How Safe Are Sports Cars?

2004 Audi TT
The Audi TT’s standard safety equipment includes an electronic stability program and side-impact airbags.

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When comparing the safety of various kinds of vehicles, one important factor to consider is a vehicle’s size, which is closely related to its weight. Like other vehicle categories, larger sports cars tend to fare better in a collision than compact ones.

On the whole, though, sports cars are smaller overall than the average vehicle, and many are lighter. Most sports cars carry only two occupants. Those that are set up for four passengers typically have a small backseat.

In other respects, sports cars differ markedly from the rest of the vehicle pack. For one thing, their drivers are often markedly different. There are exceptions, of course, but sports-car drivers tend to be more aggressive and often drive at higher speeds — perhaps taking more chances. This is even truer when they’re behind the wheel of a particularly powerful model.

Some sports-car drivers are young, but these cars are also popular with older folks who would’ve liked a sports car earlier in their lives but were compelled by family or financial obligations to choose more practical vehicles. They, too, may be more inclined to drive assertively.

In contrast, sedans and wagons tend to be driven by tamer, family-focused people who are statistically less likely to be involved in automobile mishaps.

Because sports cars sit lower to the ground than sedans and they have a lower center of gravity, sports cars are likely to be more stable on the road. Steering is more precise, so the driver may be better able to steer away from a potential hazard. These vehicles also tend to have stronger brakes, which could help in an emergency. Quite a few have stability enhancement systems that could allow the driver to maintain control in a difficult maneuver.

On the negative side, the low stance can make it more difficult to see past larger vehicles on the highway. Their smaller dimensions may also make a sports car more vulnerable in a collision with a full-size sport utility vehicle or pickup truck.

2004 Volvo C70
Volvo’s C70 convertible has roll bars that pop up when a rollover is imminent.

Quite a few sports cars are convertibles, and the prospect of having a fabric top rather than a steel roof over your head is another factor to consider. Studies by the government and other agencies regarding the safety of convertible tops, especially in rollover incidents, have not produced tangible, definitive risk statistics. Several manufacturers promote the structural integrity of their convertibles’ windshield pillars, claiming that they are able to hold considerably more than the weight of the car in the event of a rollover. A few soft-top models are equipped with roll bars that deploy when sensors detect an impending rollover.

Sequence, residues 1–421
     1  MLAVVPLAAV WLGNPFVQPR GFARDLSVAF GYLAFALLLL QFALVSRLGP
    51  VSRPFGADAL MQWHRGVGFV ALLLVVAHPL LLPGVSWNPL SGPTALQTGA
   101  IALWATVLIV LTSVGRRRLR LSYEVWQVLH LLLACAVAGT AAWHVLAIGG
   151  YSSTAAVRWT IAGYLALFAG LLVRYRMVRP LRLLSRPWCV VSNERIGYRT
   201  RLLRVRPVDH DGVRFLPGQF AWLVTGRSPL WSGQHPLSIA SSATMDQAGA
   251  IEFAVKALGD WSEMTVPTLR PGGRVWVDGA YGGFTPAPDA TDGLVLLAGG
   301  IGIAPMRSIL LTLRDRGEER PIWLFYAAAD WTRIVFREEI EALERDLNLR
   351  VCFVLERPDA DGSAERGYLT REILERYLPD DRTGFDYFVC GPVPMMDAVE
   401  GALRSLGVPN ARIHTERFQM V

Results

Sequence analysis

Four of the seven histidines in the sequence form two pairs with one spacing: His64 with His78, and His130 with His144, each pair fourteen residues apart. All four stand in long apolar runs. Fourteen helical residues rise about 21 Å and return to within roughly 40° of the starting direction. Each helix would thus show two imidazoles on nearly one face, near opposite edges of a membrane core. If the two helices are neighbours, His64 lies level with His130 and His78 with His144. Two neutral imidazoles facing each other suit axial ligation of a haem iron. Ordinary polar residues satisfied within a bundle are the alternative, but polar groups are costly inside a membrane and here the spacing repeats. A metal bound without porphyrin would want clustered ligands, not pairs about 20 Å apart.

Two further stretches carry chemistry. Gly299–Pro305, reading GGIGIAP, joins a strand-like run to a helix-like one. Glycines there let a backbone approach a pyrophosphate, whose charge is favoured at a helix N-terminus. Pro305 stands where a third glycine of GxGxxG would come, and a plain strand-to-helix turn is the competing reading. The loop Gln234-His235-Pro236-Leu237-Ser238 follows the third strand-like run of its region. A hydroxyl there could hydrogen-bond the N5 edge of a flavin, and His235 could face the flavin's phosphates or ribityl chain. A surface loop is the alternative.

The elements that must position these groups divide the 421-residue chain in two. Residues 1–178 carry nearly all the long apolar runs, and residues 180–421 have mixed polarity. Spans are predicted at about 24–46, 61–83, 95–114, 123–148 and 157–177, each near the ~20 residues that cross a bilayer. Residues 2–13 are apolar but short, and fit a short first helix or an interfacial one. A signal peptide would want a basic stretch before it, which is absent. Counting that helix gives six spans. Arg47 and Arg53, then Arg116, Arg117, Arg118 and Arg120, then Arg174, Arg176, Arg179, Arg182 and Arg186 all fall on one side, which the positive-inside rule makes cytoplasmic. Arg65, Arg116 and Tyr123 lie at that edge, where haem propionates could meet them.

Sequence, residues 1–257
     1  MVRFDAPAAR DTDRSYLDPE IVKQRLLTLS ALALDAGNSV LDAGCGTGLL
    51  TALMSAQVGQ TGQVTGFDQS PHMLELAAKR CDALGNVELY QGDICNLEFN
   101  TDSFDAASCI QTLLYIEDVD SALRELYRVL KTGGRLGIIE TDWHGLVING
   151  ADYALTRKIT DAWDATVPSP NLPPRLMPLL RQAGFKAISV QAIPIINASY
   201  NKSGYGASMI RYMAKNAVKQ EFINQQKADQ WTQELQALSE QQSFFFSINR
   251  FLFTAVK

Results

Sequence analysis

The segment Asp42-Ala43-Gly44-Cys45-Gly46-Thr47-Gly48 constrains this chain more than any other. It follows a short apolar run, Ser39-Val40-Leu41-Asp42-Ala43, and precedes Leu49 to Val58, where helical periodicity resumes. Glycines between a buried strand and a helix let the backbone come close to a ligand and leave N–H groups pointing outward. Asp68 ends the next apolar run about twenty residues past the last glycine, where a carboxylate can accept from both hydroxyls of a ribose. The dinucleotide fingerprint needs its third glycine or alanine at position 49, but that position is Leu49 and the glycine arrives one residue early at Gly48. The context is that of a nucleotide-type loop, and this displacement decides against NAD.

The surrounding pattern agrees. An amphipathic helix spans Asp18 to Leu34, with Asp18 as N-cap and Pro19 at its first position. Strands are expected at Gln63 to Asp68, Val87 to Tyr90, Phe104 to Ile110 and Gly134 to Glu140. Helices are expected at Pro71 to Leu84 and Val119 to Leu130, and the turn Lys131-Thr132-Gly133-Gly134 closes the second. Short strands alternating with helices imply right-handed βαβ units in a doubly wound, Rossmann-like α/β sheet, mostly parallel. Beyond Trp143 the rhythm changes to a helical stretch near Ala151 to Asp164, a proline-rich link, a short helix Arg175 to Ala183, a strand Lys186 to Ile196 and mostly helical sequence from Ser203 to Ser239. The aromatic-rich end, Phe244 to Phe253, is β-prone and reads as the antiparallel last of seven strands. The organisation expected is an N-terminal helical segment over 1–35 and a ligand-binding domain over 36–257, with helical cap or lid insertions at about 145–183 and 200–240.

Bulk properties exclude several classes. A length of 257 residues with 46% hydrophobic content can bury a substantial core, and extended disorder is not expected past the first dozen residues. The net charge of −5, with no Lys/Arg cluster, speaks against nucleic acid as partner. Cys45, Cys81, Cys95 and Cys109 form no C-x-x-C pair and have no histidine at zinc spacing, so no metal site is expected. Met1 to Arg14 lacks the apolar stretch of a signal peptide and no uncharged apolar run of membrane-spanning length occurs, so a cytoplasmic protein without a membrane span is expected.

Still, common sense dictates that the absence of a solid roof might contribute to an increase in the likelihood of injury or death if the car should roll over. And such an outcome is more likely when it’s driven with exuberance.

Exotic and high-performance sports cars are built in low numbers. Nevertheless, they must meet basic federal safety standards in the United States in order to be sold here. In that respect, all sports cars are equal. They must be capable of passing the federal government’s minimal 30-mph crash-test procedure, and they must at least be equipped with dual front airbags. Beyond those requirements, the safety features in sports cars vary considerably.

Crash Tests Help Assess Safety
Each year, the National Highway Traffic Safety Administration (NHTSA) crash-tests selected vehicles at 35 mph by running them into a frontal barrier. This federal agency issues star ratings for each model tested and also provides separate frontal crash-test ratings for the driver and front passenger. Side-impact tests are also conducted, and separate scores are listed for the front and rear occupants.

Only selected models are tested at this higher, 35-mph speed. Of all the sports cars available in 2004, a little more than a dozen have been tested recently by NHTSA, and not all of those got the full test treatment. Fewer yet are fully tested for side-impact crashes either because they lack a backseat or that seat is too small to permit a valid test.

2004 Honda Civic Si
The Honda Civic Si hatchback is one of the top-performing sports cars in government crash testing, with five-star ratings for frontal impacts.

Three of those sports cars — the Acura RSX, Ford Mustang coupe and Honda Civic Si hatchback — earned NHTSA’s top, five-star rating in the frontal-impact test, which suggests the best protection for the driver and front passenger. The Ford Thunderbird and Mazda MX-5 Miata got a four-star rating for the driver and a five-star score for the front passenger. Four-star ratings for both front positions went to the Audi S4, BMW Z4, Honda S2000, Mini Cooper S, Mitsubishi Eclipse coupe and Toyota Celica.